It occurred to me that the way the UE4 VS solution is structured is a bit bizarre. The entire engine, with all of its plugins and modules, is packed into a single project that outputs dozens of dlls. Likewise the game itself is packed into another project, along with all project-specific plugins and modules. Only the supporting programs (shader compiler, UBT, UAT, etc) get to be placed in their own projects. This has a few drawbacks.
First, you cannot easily limit the scope of a “find in files” search to a specific module/plugin. Setting the search scope to “current project” in the UE4 project will search across all modules and all plugins. On the game project any project-specific plugins are also included in the search.
Second, you cannot easily rebuild a single module dll.
Third, I suspect this structure may play a part in Intellisense’s abysmal performance on the UE4 codebase. I recently had to dabble with the CryEngine source and was surprised by how much faster Intellisense was on it. It was even possible to use “find all references”, which takes so long to produce results in UE4 that I’d rather do regex searches across the whole solution/project. The ~20% difference in codebase size doesn’t seem to explain such massive performance difference, which led me to suspect the fact CE’s more traditional one-project-per-dll structure might have something to do with this.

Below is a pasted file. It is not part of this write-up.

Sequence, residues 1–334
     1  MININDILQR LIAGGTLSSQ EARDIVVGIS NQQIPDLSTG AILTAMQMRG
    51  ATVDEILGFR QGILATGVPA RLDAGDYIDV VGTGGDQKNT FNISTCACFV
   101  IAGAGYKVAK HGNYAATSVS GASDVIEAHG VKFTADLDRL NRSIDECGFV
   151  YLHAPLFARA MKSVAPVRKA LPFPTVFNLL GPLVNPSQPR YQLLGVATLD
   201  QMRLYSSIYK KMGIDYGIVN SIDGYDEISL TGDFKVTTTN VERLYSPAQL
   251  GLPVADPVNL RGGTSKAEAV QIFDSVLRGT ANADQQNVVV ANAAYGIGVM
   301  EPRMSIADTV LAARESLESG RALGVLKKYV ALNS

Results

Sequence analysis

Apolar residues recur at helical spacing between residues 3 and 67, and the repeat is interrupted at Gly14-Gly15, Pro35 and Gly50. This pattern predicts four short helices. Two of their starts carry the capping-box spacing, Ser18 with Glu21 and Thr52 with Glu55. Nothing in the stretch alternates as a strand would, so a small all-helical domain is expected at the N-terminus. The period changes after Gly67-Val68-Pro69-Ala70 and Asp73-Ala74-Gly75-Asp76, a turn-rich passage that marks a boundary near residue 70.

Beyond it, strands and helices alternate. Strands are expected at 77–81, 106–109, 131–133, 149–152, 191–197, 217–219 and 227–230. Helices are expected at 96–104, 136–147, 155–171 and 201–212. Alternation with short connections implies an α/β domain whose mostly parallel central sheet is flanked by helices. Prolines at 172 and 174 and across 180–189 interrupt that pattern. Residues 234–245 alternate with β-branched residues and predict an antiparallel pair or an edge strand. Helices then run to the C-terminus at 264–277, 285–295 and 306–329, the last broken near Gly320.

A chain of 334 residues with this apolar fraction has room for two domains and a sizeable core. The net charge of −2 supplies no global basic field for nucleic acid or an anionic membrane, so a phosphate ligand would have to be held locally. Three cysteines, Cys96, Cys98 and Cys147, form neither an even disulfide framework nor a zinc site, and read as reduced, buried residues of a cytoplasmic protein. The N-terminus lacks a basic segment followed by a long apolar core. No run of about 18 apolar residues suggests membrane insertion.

UE4’s monolithic project creates a massive list of external dependencies and from Visual Studio’s perspective the separation between modules doesn’t exist: a function declared in a .h file could have its implementation in any one of the thousands of .cpp files that make up the entire engine, even if compilation-wise it could only possibly exist in the files that belong to that header’s module. I’m not too knowledgeable in the inner workings of Intellisense, but I suspect having a an include search path list with over 2300 entries doesn’t make it’s job any easier.
I’ll see if I can set aside some time to toy with the UBT VC project generation code and see if there’s any gains using a structure where each module has its own project, but it would be nice if I could get someone at Epic to think about this.